Coinbase & Uniswap: How 7 Key Benchmarks Stack Up
Coinbase and Uniswap are two of the leading crypto exchanges. The market values COIN, Coinbase’s stock, and UNI, Uniswap’s token at about 3x trailing 12-month revenues. But should they be trading at similar multiples?
As the market has corrected, so have the trailing 12-month revenues (TTM)/Market Cap multiples. They move in synchrony with an R^2 of 0.79.
Just how comparable are these businesses?
Coinbase and Uniswap generate billions in revenue. Coinbase’s trailing revenue in Q1 2022 approached $7.5b with 34% net income margin (profit). Uniswap recorded $1.7b in revenue in the same period.
Their business models differ meaningfully. Coinbase operates a centralized exchange, while Uniswap runs a decentralized exchange (DEX). Centralized exchanges hold or custody user accounts. DEXes rely on users to custody accounts in wallets.
The difference is starkest in headcount: Coinbase employs more than 5,000 people while Uniswap counts fewer than 100. Consequently, Uniswap generates $14.9m per employee, compared to Coinbase at $1.38m, a 10x difference in efficiency. This implies Uniswap’s net income margin exceeds Coinbase’s (33%) by quite a large margin.
Both UNI and COIN have fallen from their all-time highs recently, suffering from recent revenue declines. During this period, COIN fell 75% from its high compared to UNI’s decline of 65%.
These companies endure the volatility of the crypto summers and winters together. Revenue growth correlates at 0.60.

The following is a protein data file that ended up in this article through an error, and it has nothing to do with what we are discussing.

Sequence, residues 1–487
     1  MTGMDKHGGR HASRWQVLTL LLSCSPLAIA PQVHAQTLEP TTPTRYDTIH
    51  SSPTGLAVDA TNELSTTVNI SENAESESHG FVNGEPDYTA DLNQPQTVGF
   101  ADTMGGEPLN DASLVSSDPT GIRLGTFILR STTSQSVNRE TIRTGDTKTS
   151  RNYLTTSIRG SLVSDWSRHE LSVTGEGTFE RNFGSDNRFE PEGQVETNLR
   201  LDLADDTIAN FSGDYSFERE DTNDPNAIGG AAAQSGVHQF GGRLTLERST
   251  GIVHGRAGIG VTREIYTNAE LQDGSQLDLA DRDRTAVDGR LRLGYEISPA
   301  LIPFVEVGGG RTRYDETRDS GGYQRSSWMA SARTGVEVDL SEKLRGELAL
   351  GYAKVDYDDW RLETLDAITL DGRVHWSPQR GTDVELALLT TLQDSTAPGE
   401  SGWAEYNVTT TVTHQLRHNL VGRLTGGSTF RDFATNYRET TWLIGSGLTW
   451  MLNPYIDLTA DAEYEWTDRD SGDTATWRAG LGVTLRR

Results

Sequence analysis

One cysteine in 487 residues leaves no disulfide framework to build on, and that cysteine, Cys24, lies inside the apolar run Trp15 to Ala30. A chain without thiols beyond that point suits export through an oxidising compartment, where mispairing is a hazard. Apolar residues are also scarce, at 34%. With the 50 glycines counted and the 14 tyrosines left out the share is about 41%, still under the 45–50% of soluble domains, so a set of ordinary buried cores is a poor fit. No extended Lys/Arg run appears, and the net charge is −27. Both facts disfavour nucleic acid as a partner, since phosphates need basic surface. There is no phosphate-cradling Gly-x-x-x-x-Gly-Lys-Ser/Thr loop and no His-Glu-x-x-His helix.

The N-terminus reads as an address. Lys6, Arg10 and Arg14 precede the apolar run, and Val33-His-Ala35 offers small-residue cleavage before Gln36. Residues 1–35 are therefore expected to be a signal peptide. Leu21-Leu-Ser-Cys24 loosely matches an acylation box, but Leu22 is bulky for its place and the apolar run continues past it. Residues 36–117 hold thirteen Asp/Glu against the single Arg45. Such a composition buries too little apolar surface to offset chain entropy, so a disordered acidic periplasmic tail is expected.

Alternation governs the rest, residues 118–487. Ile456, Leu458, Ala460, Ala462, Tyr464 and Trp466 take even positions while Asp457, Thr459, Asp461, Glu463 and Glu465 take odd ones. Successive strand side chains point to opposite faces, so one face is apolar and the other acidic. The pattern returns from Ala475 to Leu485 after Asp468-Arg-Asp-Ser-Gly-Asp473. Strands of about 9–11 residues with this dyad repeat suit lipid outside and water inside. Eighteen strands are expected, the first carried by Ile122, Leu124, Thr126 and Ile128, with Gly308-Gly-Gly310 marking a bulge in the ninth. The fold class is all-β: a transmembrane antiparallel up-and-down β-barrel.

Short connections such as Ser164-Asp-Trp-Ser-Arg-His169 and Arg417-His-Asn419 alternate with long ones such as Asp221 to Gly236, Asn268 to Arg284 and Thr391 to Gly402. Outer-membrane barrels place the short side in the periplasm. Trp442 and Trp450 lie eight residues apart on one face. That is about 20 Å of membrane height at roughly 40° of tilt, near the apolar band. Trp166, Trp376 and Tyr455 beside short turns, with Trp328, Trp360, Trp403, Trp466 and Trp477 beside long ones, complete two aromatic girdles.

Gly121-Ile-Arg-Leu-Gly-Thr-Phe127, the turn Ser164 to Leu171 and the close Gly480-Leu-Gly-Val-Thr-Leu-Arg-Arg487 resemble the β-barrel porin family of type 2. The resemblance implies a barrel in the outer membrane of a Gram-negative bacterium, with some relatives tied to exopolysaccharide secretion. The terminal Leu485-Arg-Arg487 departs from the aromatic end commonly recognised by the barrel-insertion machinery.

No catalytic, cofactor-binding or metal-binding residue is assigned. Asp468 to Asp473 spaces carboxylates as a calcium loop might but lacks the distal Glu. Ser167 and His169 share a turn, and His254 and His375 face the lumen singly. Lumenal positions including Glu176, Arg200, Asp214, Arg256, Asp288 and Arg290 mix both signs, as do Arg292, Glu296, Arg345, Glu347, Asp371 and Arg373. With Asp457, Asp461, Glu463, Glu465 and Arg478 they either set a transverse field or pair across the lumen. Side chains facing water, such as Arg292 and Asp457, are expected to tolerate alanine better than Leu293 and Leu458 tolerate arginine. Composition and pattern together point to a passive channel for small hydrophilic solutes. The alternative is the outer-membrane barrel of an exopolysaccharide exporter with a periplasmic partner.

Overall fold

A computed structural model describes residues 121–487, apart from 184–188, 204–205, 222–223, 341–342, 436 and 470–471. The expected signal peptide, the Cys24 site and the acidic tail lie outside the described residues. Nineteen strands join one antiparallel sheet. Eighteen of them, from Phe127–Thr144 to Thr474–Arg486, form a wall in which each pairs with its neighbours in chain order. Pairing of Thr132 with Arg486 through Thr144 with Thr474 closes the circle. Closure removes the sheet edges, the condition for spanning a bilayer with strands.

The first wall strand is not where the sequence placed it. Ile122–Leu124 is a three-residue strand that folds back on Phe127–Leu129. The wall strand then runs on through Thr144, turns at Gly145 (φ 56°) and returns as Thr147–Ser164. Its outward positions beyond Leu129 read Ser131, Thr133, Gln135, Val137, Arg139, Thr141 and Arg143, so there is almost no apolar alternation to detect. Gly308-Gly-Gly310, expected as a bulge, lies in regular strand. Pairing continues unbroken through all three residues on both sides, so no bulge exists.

However, in the last four quarters, Coinbase has outgrown Uniswap, and in the downturn, suffered less revenue decline.
Coinbase counts 4x the number of users as Uniswap. Uniswap monthly transacting users (MTU) grew 366% compared to Coinbase’s growth of 307%.
Uniswap generated 12x the volume per MTU in 2020. In 2021, the gap between the companies narrowed.
Institutional investors’ share of trading volume on Coinbase increased from 56.2% to 68.0% in 2 years. Institutional buyers typically trade larger volumes than retail investors, explaining some of the delta. The converse may be true for Uniswap: perhaps crypto whales (retail investors with significant balances) dominated the volume in 2020, and to a lesser extent in 2021.
Last, COIN and UNI are different instruments. COIN is a stock. UNI is a governance token. Stock affords the holder rights to future dividends and voting power on company matters. UNI affords its holders a vote, but not a dividend right. This could change in the future.
So, should COIN and UNI trade at the same multiple?
Uniswap grows MTUs faster, likely generates significantly more profit, and has fallen less. But revenue growth is more sensitive to market swings, the company discloses fewer operating metrics, and their token offers fewer rights than COIN stock.
If an investor values profit margin over dividend rights, then yes. But if the UNI token never offers a dividend, then no.
The answer isn’t clear today. We need standardized reporting for tokens and equivalent shareholder rights to compare equities to tokens: an essential step to enticing more investment in web3.
Thanks to my partner Urvashi Barooah for inspiring this post!